Crossover: Literature──Politics ──Theater──Photography Series
第三場 : Posthumanist Perspectives on Affect
合辦單位：中華民國英美文學學會 / 臺灣師範大學英語系
主持人：Mary Goodwin (國立台灣師範大學英語系教授)
演講人：Magdalena Zolkos (Senior Research Fellow, Institute for Social Justice, Australian Catholic University)
Mary Goodwin is professor of English at National Taiwan Normal University, where she teaches courses in British and American Literature, crime fiction and science fiction. She holds a doctorate in British and American literature from the University of Virginia, and her research interests include travel literature and anglophone writing about Taiwan and other sites in Asia. Her recent publications include essays on migration and memory in Taiwan novels, memory work in G B Tran’s Vietnamerica, and gothic transformations in work by Lafcadio Hearn and Angela Carter. Her essay on campus novels by Lin Yi-han, Chiung Yao, Catherine Dai and Dana Standridge, set in Taiwan, is under review for a new volume of writing about Taiwan, edited by Carlos Rojas.
演講人: Magdalena Zolkos (Senior Research Fellow, Institute for Social Justice, Australian Catholic University)
講題: Posthumanist Perspectives on Affect
Post-humanism has come to designate (often quite diverse) positions that call into question anthropocentrism of Western modernity, whereby the human is assumed to constitute a form of social and biological life distinct from and superior to non-human life. In this context, the notion of “affect” has generated a great deal of discussion to the extent that it has come to designate a non-cognitive and non-volitional expression of socio-biological life. Regarded by various authors as synonymous with, yet non-identical to, the categories of viscerality, intensity and capacity for action respectively, recently affect has also acquired political implications insofar as it critically illuminates the current biopolitical dimensions of neo-liberal governance. In this paper, I will argue that contrary to the dominant discussions of affect as expressive of a certain quality of “resilience” or “vibrancy” of human and non-human subjects, it is important to illuminate the connection between affect and precarity of life, in particular as it is articulated through the concept of trauma. I will discuss the connection between affect and trauma, drawing on the writings of Catherine Malabou, and will then position it in relation to two selected cultural texts: first, a piece of post-colonial writing by a Hawaiian-American author, Hanya Yanagihara, The People in the Trees, which introduces a figure of the irreparably wounded, yet long-living, (traumatized) natives of a fictional island of U’ivu; and second, a ‘failed’ memorial on the Utøya island, seeking to commemorate the victims of the July 22 attacks in Norway, by cutting into and removing parts of an island as a literal and figurative expression of trauma’s irreparability.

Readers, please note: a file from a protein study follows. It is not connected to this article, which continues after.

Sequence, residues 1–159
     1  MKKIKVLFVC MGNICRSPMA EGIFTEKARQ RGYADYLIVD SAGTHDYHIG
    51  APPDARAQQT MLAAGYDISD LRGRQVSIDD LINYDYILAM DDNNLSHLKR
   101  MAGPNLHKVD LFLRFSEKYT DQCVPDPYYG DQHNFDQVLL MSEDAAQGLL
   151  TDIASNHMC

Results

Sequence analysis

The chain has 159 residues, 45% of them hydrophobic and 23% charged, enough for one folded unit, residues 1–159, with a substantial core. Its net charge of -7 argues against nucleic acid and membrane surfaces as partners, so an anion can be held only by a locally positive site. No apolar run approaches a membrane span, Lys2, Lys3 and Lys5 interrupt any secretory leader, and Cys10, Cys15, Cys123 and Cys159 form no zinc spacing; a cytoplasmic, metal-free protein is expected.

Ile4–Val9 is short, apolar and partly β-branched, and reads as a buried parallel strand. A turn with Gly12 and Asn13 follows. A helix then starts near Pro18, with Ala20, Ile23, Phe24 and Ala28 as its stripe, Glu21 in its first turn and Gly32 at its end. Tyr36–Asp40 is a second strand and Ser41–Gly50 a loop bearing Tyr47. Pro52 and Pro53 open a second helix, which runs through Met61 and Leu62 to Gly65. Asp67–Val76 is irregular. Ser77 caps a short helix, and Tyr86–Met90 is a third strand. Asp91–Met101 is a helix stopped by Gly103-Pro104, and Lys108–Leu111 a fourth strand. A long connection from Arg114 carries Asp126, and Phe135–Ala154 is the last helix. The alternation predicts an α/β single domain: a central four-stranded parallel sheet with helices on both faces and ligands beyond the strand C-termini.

Magdalena Zolkos is Senior Research Fellow at the Institute of Social Justice at the Australian Catholic University. She is the author of Reconciling Community and Subjective Life: Trauma Testimony as Political Theorizing (Continuum 2010), the editor of On Jean Améry: Philosophy of Catastrophe (Lexington 2011), and co-editor of Critical Childhood Studies and the Practice of Interdisciplinarity (Lexington 2015). Her publications on the topics related to memory studies, politics of historical justice, literary trauma criticism and affect theory appeared in Angelaki, Contemporary Political Theory, Critical Horizons, Humanities, and Textual Practice.